From the looks of this year’s Consumer Electronics Show, gaming tablets are going to be a big thing. Sort of like the Wii U’s controller, but without the Wii U itself, these are iPad-style tablets that use (sometimes optional) physical game controllers, to play today’s modern PC and Android games.
Here’s a look at two of the tablets demoed at the 2013 CES, as well as the just-announced Wikipad. All three tablets will be available soon.
Release date: Q2 2013
Plays: Android games, Tegra 3 and 4 exclusives, Steam PC games (by streaming)
Project SHIELD is basically what you get if you glue a Samsung Galaxy Note “phablet” to a bulky original Xbox controller, sans the ability to make phone calls. The result is an enormous game controller which serves as a fully-functional game console, with a 5-inch capacitive touchscreen that folds over the controls clamshell style.
Project SHIELD can’t play Xbox games, but it can play “THD” exclusives made for NVIDIA’s Tegra chipset — most of these are for the earlier Tegra 3, but at least one Tegra 4 exclusive was shown off at CES. It’s also designed to stream PC games via Steam’s Big Picture mode, although for this feature you need a PC running Steam. Unfortunately, it’s expected to be expensive and have poor battery life.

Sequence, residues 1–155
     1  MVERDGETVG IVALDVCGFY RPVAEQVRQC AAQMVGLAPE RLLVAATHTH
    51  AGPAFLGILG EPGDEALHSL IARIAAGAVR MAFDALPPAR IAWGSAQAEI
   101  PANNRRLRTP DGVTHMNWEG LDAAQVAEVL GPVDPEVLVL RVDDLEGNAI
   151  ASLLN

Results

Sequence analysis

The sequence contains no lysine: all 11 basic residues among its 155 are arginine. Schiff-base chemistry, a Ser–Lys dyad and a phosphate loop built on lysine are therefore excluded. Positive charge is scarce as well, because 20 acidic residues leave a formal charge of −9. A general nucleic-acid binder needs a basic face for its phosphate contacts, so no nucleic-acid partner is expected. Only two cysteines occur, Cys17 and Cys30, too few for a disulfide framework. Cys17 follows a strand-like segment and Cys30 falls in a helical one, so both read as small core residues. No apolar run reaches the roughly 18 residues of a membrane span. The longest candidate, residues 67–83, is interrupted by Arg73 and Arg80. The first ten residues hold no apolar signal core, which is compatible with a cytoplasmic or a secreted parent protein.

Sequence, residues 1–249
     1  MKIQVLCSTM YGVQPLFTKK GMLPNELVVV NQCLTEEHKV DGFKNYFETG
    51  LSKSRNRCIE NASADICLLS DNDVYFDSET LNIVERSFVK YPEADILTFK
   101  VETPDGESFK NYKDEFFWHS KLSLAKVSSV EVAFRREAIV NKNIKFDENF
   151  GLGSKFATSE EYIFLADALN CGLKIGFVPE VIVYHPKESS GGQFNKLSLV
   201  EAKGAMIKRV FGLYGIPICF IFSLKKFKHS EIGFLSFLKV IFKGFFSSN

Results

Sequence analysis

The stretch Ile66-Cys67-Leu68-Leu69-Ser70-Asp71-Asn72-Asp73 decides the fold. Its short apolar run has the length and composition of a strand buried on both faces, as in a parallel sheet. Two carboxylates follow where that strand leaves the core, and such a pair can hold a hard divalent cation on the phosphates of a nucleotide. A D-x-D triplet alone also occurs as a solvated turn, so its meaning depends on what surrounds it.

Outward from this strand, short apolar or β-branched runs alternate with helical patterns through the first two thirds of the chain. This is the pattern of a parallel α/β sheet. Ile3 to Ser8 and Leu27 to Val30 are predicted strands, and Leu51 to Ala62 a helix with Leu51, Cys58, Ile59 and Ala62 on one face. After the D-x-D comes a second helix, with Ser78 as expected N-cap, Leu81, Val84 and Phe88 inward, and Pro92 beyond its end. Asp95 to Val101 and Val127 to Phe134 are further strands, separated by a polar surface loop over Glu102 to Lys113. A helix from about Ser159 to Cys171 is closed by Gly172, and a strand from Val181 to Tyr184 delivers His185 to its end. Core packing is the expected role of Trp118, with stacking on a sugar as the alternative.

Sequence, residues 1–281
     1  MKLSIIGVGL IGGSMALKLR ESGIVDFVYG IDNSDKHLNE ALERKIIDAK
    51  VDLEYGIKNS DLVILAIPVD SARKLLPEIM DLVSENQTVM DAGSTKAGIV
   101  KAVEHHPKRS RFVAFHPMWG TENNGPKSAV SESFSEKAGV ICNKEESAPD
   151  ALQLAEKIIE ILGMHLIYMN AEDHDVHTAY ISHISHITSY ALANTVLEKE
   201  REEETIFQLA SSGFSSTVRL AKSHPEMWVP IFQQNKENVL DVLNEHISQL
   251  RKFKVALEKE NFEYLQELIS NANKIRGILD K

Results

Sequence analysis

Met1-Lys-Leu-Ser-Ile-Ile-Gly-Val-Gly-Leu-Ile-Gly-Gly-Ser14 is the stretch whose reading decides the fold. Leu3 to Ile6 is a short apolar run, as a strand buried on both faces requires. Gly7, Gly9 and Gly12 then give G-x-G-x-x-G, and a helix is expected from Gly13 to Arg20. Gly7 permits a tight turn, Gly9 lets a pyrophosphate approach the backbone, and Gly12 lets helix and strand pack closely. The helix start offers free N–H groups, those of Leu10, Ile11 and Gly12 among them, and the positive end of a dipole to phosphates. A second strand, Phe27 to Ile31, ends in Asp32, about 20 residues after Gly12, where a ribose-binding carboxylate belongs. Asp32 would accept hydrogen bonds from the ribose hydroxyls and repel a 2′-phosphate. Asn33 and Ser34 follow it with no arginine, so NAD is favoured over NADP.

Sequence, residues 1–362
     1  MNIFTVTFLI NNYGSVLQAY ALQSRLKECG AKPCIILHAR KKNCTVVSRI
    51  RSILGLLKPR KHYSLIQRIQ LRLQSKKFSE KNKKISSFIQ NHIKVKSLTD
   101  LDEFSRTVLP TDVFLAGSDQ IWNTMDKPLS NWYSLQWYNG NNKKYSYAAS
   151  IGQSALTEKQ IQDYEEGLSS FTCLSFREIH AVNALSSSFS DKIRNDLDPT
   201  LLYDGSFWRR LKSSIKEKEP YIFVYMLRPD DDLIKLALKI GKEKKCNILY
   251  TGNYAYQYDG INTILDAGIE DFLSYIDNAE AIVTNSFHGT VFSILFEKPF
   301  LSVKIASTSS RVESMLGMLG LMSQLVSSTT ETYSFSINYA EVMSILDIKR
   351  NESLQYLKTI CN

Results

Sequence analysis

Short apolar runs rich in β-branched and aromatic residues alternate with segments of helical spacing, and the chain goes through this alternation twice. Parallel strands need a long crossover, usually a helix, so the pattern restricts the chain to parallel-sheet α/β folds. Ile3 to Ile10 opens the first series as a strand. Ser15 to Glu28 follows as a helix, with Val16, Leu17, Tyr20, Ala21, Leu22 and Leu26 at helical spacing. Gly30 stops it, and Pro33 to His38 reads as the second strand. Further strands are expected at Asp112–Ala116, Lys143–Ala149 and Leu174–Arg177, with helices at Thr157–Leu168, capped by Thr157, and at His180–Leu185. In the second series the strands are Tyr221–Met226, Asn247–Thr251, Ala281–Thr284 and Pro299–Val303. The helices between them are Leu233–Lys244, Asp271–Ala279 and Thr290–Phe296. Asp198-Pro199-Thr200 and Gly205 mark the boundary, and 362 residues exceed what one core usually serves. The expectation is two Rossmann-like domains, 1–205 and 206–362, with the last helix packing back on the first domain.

Price: $1,000 to $1,299 (more with accessories)
Release date: Q1 2013
Plays: Windows PC games
The Razer Edge beats out even the Microsoft Surface Pro on both size and price. Like the Surface Pro, it’s a 10-plus-inch tablet running Windows 8 on an Intel processor; unlike the Surface Pro, it has a dedicated graphics card, although it pales in comparison to the hardware in most modern gaming rigs.
The higher-end model has a Core i7 processor and more than 64 GB of storage space, which you’ll almost definitely need if you want to put actual PC games on it along with the full Windows 8 OS. Expect to pay another $400 to get the Gamepad Controller, the docking station (which adds HDMI and audio out and several USB ports), and an extended battery, without which you’ll be gaming for roughly an hour per charge.
Release date: Q1 2013
Plays: Android games, Tegra 3 exclusives, PlayStation Mobile games
If the Wikipad had been at CES this year, it might’ve been voted “most likely to be mistaken for a Wii U Gamepad.” It’s basically a 7-inch Android tablet with an NVIDIA Tegra 3 processor and 16 GB of RAM, comparable to Google’s low-end $199 Nexus 7. The extra $50 gets you expandable memory (via a microSD card slot) and the dual-stick game controller attachment, which encases the Wikipad and is compatible with more than 60 games.
Wikipad was previewed last year as a 10-inch model, which was to be priced at $499. The company ran into some issues while trying to make it, however, and decided to make a more lightweight gaming tablet instead, which it finally unveiled just a few weeks after CES.